Sitting in a Penny Kittle Workshop today, I learned of reaching readers and returning the joy of reading to them. She spoke of seniors who had read little, if any, books in their high school years. As she shared her journey towards joyful reading with those students, several people flashed through my thoughts.
First, I imagined my 4th graders. I saw them huddled in the hallway with coveted books in their hands. I heard them sharing their favorite parts with their friends during silent reading time because they just couldn't wait for sharing time. I thought of them in eight years, as seniors, would they still have that passion and zeal for their reading? Would they still believe they are readers? How do I support them with strategies for a life filled with reading beyond the 4th grade?
Then, I imagined my own daughter. She began her school journey this year. I could compare her to a sponge. She looks for words, letters, and names everywhere. The chip bag. The tag on her jeans. A magazine. Will her passion for reading and learning waiver as she continues on through school? Will the joy of discovery and reading a story cease to be? How do I support her with strategies for a life filled with reading if her teachers force her into books she has not chosen?
Lastly, I imagined myself years ago. I remembered my high school English classes. I remembered the exact book that hooked me. I remembered how I felt when my friends could read book after book, and how I covered up my non-reading life. I remembered the year that I really read books joyfully. It wasn't a year when my teacher opened up the library shelves and said pick what you want. It was the year that I lived abroad, and books became a safe haven. I could read and imagine myself back home in the States. I could read and feel the family love that I was so missing. I could read and forget how lonely I was. Those reading experiences changed how I viewed myself as a reader. I could read books - long, difficult books, and that's when I became a reader.
When I reflected on my own reading journey, I wondered how different it could have been. Given the right book, given the right teacher, given the right encouraging friends.... I could have been a reader a lot sooner in my life. Then, I wondered about my 4th graders and my daughter. Will they have to leave the country and feel lonely to actually appreciate the power of a book? Will a teacher change how they view themselves as readers right now? Will a class requirement suck their joy of reading from them? What if they lose that joy, how will they remember their childhood passion and zeal for reading?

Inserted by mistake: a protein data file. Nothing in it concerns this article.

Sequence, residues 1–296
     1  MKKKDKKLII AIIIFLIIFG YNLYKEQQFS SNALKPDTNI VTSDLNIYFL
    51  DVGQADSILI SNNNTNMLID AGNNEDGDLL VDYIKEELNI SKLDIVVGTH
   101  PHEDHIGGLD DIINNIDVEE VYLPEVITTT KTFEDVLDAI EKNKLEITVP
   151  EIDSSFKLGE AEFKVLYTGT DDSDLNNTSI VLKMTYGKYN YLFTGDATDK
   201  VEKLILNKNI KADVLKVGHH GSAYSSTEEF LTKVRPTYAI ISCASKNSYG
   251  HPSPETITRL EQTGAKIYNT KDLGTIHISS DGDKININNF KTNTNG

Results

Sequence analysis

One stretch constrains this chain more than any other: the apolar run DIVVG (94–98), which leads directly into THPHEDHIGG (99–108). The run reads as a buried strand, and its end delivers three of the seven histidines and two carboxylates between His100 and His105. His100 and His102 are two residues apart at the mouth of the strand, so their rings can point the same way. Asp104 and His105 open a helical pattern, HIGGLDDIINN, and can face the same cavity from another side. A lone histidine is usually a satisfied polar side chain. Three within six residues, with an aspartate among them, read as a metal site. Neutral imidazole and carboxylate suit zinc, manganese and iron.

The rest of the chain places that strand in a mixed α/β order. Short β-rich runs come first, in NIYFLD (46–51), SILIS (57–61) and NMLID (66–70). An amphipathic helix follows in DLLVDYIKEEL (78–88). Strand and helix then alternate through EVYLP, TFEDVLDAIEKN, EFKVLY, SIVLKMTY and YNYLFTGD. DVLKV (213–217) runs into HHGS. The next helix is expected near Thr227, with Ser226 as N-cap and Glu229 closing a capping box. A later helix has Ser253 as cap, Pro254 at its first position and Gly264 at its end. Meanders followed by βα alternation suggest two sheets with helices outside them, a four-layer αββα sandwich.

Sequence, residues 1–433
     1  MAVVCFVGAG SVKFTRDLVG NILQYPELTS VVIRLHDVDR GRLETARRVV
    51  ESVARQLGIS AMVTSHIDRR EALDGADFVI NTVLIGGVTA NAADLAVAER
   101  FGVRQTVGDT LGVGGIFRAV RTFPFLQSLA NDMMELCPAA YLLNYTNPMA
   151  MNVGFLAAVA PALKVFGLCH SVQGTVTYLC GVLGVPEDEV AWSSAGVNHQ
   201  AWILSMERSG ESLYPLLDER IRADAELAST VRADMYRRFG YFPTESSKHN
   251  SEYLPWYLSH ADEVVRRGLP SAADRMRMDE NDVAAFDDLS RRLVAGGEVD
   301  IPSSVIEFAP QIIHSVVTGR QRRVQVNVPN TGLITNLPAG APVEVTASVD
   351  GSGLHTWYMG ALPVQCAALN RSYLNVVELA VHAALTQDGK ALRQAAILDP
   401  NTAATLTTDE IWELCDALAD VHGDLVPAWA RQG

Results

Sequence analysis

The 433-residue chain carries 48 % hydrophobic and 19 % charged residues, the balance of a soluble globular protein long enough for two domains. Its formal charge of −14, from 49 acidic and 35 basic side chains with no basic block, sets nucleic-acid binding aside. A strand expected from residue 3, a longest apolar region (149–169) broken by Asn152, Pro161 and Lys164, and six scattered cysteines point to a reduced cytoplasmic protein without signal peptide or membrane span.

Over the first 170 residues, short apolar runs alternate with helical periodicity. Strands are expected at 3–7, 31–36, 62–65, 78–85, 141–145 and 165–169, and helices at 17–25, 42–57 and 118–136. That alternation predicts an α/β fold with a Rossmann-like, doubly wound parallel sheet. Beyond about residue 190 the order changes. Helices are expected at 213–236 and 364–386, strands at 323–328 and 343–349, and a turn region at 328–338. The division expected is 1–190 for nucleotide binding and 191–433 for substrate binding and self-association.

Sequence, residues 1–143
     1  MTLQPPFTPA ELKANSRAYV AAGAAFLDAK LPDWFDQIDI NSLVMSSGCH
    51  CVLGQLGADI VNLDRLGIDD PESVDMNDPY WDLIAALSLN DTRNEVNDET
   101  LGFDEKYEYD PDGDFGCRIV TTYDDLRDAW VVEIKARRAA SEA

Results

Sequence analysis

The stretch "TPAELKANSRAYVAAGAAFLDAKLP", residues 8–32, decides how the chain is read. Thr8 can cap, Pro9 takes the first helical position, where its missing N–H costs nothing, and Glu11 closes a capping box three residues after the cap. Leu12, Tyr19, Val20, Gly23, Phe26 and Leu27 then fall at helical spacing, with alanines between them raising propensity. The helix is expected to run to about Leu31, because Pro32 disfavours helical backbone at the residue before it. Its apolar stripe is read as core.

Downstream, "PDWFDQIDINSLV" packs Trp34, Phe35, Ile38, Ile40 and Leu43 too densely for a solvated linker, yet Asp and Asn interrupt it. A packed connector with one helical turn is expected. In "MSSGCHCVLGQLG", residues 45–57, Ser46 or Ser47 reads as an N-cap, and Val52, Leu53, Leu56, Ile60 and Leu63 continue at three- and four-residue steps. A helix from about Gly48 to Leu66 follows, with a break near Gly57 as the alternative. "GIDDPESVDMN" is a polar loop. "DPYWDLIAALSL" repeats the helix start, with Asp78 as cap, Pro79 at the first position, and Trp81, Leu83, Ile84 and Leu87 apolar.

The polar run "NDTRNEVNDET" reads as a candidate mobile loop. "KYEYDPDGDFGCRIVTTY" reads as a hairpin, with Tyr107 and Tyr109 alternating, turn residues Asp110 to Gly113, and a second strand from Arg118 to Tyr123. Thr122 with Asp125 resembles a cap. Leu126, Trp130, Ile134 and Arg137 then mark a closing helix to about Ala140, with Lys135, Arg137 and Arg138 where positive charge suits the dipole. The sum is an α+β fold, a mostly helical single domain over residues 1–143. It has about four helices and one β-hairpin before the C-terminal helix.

Such tough questions. I do know this... books pull kids in and keep them reading. When I hand over a great book to my 4th graders, I know that book will stay with them beyond my classroom. I know that in my classroom they journeyed into books with their classmates through discussion and writing. I hope that they'll return to that feeling and those skills time and time again.
As a parent, I plan to continue talking to my daughter and son about books. Even books that might not be on my Next Read list. Even when they are old enough to read a book independently. I want to read those classics that I love with them, but I also want to experience a new adventure with them. For my own reading life, I plan to keep my pile of next read books on my bed stand. I plan to carve out time in my daily routine to read. I'll carry those stories to my students and to my daughter and son. I'll push those stories onto my friends, and ask my family to read them as well.
I hope that Penny Kittle takes her message to the many teachers across America. I hope she causes teachers to reflect on what a student truly needs and desires, rather than on what they think a student needs. I hope those teachers remember when their own reading life took off, and use their own book reading to share with their students. I pray that my students and children keep their joy of reading forever.